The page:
To Bob Dylan obsessives - of whom I'm not one - are familiar with Madlyn Quebec as a member of his background singers "The Queens Of Rhythm" in the 1980s and as a name of the back of LPs such as "Knocked Out Loaded". It's pretty sure she got this gig as her daughter Carolyn Dennis had also sung background vocals for Dylan from the late 70s. Dennis married Dylan in 1986 and I'll bet Madlyn's new role as Bob Dylan's mother-in-law was a real conversation stopper at parties.
However for soul fans she is remembered fondly for her role as a Raelette in the late 70s and early 80s but sadly not so well known for her 45s. But all four of her solo recordings are first class. The first was for Mickey Stevenson's Venture label and is a double sided winner. Better Than My Best is based on classic gospel chord changes and the small band and female chorus behind her make the point crystal clear. On top Madlyn sings with great verve and passion, full of righteous fire. "The Love I've Been Looking For" is more uptown, veering towards a show time ballad, but is still clearly a soul performance from Madlyn, singing her heart out over a very full orchestra. Interesting to see Ernie Shelby's name as co-writer and co-producer.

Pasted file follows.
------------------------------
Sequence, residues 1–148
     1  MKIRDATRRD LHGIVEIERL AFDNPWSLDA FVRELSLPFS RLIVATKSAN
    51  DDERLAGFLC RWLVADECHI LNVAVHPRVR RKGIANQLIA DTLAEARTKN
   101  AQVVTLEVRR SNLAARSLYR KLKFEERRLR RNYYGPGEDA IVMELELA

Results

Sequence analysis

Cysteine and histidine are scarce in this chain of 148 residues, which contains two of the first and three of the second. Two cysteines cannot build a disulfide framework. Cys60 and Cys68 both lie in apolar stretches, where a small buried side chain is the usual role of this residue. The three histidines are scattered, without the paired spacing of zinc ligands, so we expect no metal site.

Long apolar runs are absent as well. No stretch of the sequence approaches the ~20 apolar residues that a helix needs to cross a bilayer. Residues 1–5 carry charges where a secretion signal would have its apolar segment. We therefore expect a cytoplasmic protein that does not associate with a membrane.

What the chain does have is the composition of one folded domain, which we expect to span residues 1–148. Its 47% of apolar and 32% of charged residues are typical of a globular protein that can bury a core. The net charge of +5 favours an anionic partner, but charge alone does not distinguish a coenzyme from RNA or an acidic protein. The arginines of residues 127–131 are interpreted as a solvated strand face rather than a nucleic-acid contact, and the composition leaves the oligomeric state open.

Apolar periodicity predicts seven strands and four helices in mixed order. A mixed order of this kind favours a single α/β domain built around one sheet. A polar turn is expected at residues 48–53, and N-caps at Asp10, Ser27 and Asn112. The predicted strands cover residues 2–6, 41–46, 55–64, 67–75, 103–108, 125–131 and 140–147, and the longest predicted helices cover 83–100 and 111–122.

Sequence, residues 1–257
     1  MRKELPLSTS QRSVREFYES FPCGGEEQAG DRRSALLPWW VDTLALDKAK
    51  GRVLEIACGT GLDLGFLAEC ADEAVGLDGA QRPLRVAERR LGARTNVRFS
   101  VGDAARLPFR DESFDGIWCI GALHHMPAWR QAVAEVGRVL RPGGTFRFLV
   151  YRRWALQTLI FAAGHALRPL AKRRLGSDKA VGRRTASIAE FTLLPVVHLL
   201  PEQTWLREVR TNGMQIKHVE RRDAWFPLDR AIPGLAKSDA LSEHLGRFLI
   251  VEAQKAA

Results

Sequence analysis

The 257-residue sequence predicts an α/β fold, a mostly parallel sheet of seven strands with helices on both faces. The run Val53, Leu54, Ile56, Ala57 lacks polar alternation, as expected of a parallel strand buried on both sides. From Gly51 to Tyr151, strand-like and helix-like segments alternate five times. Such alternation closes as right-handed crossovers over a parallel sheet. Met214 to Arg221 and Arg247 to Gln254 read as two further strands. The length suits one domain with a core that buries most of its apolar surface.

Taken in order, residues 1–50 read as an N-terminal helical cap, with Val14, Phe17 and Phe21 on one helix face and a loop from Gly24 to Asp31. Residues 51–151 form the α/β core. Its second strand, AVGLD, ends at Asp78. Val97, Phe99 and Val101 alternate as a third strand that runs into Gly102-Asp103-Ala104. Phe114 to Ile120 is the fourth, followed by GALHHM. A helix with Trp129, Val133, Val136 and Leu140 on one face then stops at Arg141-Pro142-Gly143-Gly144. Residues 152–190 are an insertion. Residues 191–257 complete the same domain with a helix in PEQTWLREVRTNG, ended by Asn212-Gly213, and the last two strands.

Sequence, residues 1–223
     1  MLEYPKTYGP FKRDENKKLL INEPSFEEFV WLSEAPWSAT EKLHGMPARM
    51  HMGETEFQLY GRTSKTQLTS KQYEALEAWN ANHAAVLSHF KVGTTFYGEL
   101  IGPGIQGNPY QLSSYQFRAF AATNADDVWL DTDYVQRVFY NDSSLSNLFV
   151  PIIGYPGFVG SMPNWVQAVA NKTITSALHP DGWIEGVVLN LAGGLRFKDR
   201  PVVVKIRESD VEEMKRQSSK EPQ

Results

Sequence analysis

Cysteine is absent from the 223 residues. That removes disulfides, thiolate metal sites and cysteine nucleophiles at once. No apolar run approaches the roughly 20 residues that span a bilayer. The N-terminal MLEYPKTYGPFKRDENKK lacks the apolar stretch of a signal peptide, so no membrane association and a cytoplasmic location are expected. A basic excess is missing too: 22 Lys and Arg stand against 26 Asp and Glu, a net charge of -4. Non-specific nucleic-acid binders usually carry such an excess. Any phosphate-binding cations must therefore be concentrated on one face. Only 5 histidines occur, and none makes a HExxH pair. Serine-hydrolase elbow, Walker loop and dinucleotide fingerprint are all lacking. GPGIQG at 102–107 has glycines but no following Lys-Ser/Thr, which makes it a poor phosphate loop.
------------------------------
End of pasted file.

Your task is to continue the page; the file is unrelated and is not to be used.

Madlyn's only Sussex 45 features one of her very best vocal performances on the heavy deep soul ballad Here Come Those Heartaches Again. This was another gospel song, this time from the prolific James Cleveland, and as with "Better Than My Best" comes complete with a sensitive and highly professional production from Clarence Paul.
The Tangerine sessions were a mixed bag. Her first 45 was the absolutely magnificent Will I Ever Get Back Home penned by Ray Charles himself and the great Jimmy Holiday. This benefitted from a very atmospheric production which created a real sense of longing and regret over which Madlyn sounded desperate and lost, controlling her fierce vocals down to a whisper at times and cutting loose to emphasise the lyric. Simply magnificent.
Sadly her second Tangerine 45 doesn't match this brilliance. Dee Ervin's production on the socially conscious "Check It Out" was rather ordinary and the country aspect of "Love's All I Want" was reinforced by the inclusion of a banjo - a huge error. And that single was the end of Madlyn's solo career - but I'm sure the later phase of her time as a singer was much more lucrative even if the artistic results don't do much for me.
UPDATE ~ My friend John Lias has reminded me that Gene Chandler cut a really fine version of " Here come those heartaches again" - he adds "Gene' s version was entitled " Tell me what can I do ". It was a b side to his " There goes the lover " single and also appears on a Brunswick CD ("The Soul of Gene Chandler"). John much prefers Gene's cut to Madlyn's - I love them both.
Better than my best / The love I've been looking for ~ VENTURE 639 (1969)
My darkest hour / Here come those heartaches again ~ SUSSEX 201 (1970)
Will I ever get back home / I'm so in love ~ TANGERINE 1023 (1971)
Love's all I want / Check it out ~ TANGERINE 1027 (1972)
Thanks to Barry Martin for the suggestion.